Scientists believe novel chemicals with the potential to cure human illness may be found in the ocean.
- Researchers chemically synthesized a compound that had been isolated from a sea sponge.
- The compound — 3,10-dibromofascaplysin — was tested on various prostate cancer cells.
- The synthesized compound forces tumor cells to die.
- It works well in combination with several already approved anti-cancer drugs.
Much of the ocean remains unexplored, unknown to humans.
Increasingly, medical researchers are looking to this untapped resource in hopes of discovering novel marine chemicals that hold the potential to treat and cure human illness.
In 2019, the scientific world celebrated the 50th anniversary of the introduction of cytarabine, the very first marine-derived drug. Approved for the treatment of leukemia, the drug was isolated from a marine sponge.
As of October last year, nine drugs of marine origin had been clinically approved to treat cancer patients, according to Midwestern University.
Now, researchers from Far Eastern Federal University (FEFU) in Russia, together with colleagues from elsewhere in Russia and Germany, have isolated the compound 3,10-dibromofascaplysin from the sea sponge Fascaplysinopsis reticulata and then chemically synthesized it.
They tested the substance on various prostate cancer cells, including those resistant to chemotherapy.
Their findings appear in the journal Marine Drugs.
Researchers found that 3,10-dibromofascaplysin forces tumor cells to die via a programmed cell death mechanism.
They also reported the synthesized compound works well in combination with several already approved anti-cancer drugs.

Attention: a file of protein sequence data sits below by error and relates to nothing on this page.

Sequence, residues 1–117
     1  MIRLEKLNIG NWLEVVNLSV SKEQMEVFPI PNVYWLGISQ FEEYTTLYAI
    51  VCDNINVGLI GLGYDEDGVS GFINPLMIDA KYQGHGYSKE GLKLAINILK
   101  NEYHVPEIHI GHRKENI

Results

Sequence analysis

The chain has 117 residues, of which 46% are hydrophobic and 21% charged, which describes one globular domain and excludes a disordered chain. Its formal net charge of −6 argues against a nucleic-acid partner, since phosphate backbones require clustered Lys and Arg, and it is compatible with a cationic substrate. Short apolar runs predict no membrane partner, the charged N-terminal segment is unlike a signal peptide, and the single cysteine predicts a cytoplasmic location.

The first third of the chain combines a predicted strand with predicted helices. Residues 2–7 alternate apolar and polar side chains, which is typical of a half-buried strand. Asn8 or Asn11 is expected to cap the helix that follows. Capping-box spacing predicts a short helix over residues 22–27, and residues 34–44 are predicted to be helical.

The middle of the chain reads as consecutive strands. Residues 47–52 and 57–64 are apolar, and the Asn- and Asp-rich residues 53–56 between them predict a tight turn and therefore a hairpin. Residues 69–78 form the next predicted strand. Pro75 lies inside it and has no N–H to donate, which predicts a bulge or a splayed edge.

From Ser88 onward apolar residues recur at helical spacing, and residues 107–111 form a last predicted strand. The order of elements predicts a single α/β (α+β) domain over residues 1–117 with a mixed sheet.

Chemists first isolated the compound fascaplysin from a marine sponge in 1988. Today, it is known to possess antifungal, antibacterial, antiviral, antimalarial, and anti-tumor effects.
In 2017, FEFU researchers published a paper showing that fascaplysin derivatives kill glioblastoma multiforme cells — an aggressive type of brain cancer with a poor outlook for patients.
In 2019, several of those same FEFU researchers who published this study released research about their development of a new method to synthesize derivatives of fascaplysin.
For the first time, they managed to get a sufficient amount of 3-bromofascaplysin and 3,10-dibromofascaplysin. These compounds were used for first syntheses of the alkaloids 14-bromoreticulatate and 14-bromoreticulatine.
Researchers found that 14-bromoreticulatine selectively affects Pseudomonas aeruginosa, a bacterium that is resistant to many types of antibiotics. They also reported that 3,10-dibromofascaplysin was able to target metabolic activity of prostate cancer cells.
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Later in 2021, the researchers hope to report the outcomes of studying how 3,10-dibromofascaplysin affects non-cancer cells.
Fascaplysin is highly toxic to healthy cells, which, until now, has limited its use as a drug.
“In our laboratory, we are trying to modify the structure of these compounds in order to reduce their cytotoxic effect on normal cells, while maintaining the necessary anti-tumor effect,” explains Dr. Maxim Zhidkov, head of the Organic Chemistry Department at FEFU’s School of Natural Sciences in Russia.
“The goal is to create a substance for targeted therapy, with a minimum of side effects for healthy cells of the body.”
The researchers speculate that it could take between 10 and 15 years before their work results in the development of a new drug.